OUR YEAR OF LIVING SHEPARDLY
About a year ago we picked up our first sheep. We started with four Shetlands from a farm about a half hour from here, then added some Merinos, got a couple breeding rams, and had a pile of lambs this spring.
Our flock has grown by leaps and bounds and I'm proud to say they're all happy, healthy, and most importantly - still alive.
Now if I may be so bold, I'd like to offer a Top Five list of hard earned wisdom regarding the care of sheep:
1. Don't believe everything you read
This is solid advice across the board.
But if you're thinking about getting sheep...OK, maybe read a little bit but then just put the book down.
You could easily conclude from reading anything on sheep that they are just this weird, squat, species of subjugated mammal that's been bred to grow hair over every other basic life function.
And you'd be right.
But they've also been with us on this journey for thousands of years and have yet to tank as a species. So the chances of you running them into the ground now is remarkably low.
Plus they're perfectly happy just eating grass and drinking puddle water.
Re-read that last sentence and let it sink in.
As long as you're attempting your shepherding endeavour on terrestrial earth you should be OK. Sea Monkeys require more environmental controls.
2. They will be able to give birth without you going armpit deep on them
We had 11 lambs this summer and it required zero plastic gloves.
Our typical birthing drama went like this:
Anna (returning from pasture): "Ashoka just had a boy!"
Anna: "Yeah. I went out to bring them water and there was a little brown lamb following her."
[End of story.]
Note the complete lack of human intervention.
After reading up on the breeding sheep - and recoiling against all the bloody horrors and submerged human limbs it required - we figured we'd have to strong-arm at least one lamb into existence.
Nope. Those ewes doled out knobby sets of twins like their entire back halves were made of Vaseline.
And these lambs...they hit the straw blinking, got licked down by their moms and were immediately up and running with the herd.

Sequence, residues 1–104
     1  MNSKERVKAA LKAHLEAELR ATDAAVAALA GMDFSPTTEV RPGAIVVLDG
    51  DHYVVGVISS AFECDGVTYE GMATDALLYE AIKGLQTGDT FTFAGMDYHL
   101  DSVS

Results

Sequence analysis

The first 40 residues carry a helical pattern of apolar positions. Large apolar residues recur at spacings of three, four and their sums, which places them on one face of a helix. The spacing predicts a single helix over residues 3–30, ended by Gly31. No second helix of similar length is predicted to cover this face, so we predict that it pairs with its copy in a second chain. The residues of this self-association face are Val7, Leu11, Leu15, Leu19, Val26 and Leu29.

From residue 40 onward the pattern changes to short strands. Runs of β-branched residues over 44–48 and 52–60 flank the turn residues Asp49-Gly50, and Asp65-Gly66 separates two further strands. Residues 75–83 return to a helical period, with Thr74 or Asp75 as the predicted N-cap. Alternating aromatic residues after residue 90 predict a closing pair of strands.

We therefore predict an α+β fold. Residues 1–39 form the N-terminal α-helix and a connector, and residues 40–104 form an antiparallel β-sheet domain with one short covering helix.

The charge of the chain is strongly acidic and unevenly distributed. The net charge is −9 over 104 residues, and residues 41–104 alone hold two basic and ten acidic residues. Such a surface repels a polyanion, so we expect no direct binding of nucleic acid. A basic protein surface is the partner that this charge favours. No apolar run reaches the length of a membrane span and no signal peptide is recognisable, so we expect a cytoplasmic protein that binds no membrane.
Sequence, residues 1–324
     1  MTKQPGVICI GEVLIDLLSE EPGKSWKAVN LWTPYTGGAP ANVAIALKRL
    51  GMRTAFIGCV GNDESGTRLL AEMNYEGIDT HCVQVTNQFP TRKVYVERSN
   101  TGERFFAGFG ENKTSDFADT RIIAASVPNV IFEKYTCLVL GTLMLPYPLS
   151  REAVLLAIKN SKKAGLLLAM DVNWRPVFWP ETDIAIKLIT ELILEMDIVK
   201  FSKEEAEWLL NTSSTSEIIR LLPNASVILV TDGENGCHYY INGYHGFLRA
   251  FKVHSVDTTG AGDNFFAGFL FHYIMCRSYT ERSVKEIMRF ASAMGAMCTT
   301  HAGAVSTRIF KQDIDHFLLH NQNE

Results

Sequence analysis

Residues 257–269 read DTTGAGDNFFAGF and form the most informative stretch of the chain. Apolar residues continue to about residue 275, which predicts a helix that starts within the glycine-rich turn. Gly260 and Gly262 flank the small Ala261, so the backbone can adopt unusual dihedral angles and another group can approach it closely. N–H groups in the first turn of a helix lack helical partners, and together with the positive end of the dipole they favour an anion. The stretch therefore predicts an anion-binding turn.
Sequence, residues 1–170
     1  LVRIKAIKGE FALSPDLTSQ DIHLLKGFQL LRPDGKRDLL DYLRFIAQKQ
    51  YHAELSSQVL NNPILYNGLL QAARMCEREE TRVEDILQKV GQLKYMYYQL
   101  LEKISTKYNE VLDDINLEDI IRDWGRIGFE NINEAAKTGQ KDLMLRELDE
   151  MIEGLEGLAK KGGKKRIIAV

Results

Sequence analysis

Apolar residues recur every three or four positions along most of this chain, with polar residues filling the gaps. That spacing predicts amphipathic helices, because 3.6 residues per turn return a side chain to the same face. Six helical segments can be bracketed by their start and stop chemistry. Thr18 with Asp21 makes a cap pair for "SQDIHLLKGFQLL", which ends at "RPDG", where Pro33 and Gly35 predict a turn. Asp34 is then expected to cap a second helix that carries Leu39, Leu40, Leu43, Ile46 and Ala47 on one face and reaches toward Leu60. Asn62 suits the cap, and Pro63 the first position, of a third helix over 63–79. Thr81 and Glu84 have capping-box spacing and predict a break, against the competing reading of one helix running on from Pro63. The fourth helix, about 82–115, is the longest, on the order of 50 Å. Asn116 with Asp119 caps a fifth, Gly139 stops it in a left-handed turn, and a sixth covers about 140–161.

In the human world we get all humble/brag about a kid that can walk at eleven months without cranking their head on the coffee table.
Within moments of coming online these newborns can seek out relative safety while darting from predators.
So maybe let's try not to over think our part in all this.
3. At first your sheep will absolutely hate you...
Since these animals have gone through the trauma of being relocated from another farm and view you as the abductor, it's only natural for them to have a period of discomfort in which you're regarded as the Prime Evil.
This will carry on for a period of about three weeks to end of their lives.
Well? What can you do. Not much.
But here's a little secret that will make you feel better: Sheep farms only sell off their assholes.
So really, when you're starting out you have no choice but to buy a bunch of headcases from other shepherds.
All of them are on their last chance and they only have themselves to blame.
This is not unlike the plot to the movie Major League.
So watch that movie again. This time study the story arc as it applies to your flock.
4. ...but don't worry, their kids will think you're cool
The silver lining with collecting random headcase sheep is that their lambs will think you're the best.
It really is that easy.
To begin with we had four feisty, stand-offish Shetlands. I couldn't get within ten feet of them.
That burned because I'd worked so hard to give them this beautiful place to live, yet whenever I needed them do anything (like line up for vaccinations that would save their lives) it was a total nightmare.
What jerks. If the four of them could have soliloquized on their situation it would undoubtedly have sounded something like this.
But eventually we all got along.
It was through their kids they all kind of lightened up. That was a beautiful moment.
Imagine a pack of wolverines suddenly pumping out a bunch of Care Bears, then those Care Bears blasting their Care Bear Stare out across the whole pasture and you start to get a sense of how rewarding this shift has been.
5. Call the vet
OK, actually yeah, there is like a million weird things that can kill your sheep.
They eat too much or too little. They balloon up from bloat. They get a weird infection or their hooves are looking all poo-maggoty and are so fucked up they can't walk without a limp.
Or, in our case, maybe they accidentally suck up so much snail larvae while grazing that their livers are now nothing but a parasite farm existing just to kill them from the inside.
So call your local vet.
Since this is the country, "the vet" is not that nice little strip-mall animal hospital that exists just to euthanize a dozen fat old cats a day. Country vets are a separate breed.
They're ready for anything. From castrating a bull to sticking a garden hose down the G.I. tract of a donkey to save its life, I feel like they've done it all before and come prepared to do it all again. It's amazing what they've got loaded into the side-beds of their trucks.
Plus before they leave they kind of do a look around of your farm and offer all sorts of great advice. These people are polymaths with golden hearts. Every moment you have with them on your property is money well spent.
So in conclusion...
Sheep. Go for it.
Build a fence and don't let them do it until December or January so they'll lamb in the spring. Lambs are adorable.
Read a bit, but not too much. Call the vet if they're about to die.
Be sure to watch Major League again.
That's pretty much it.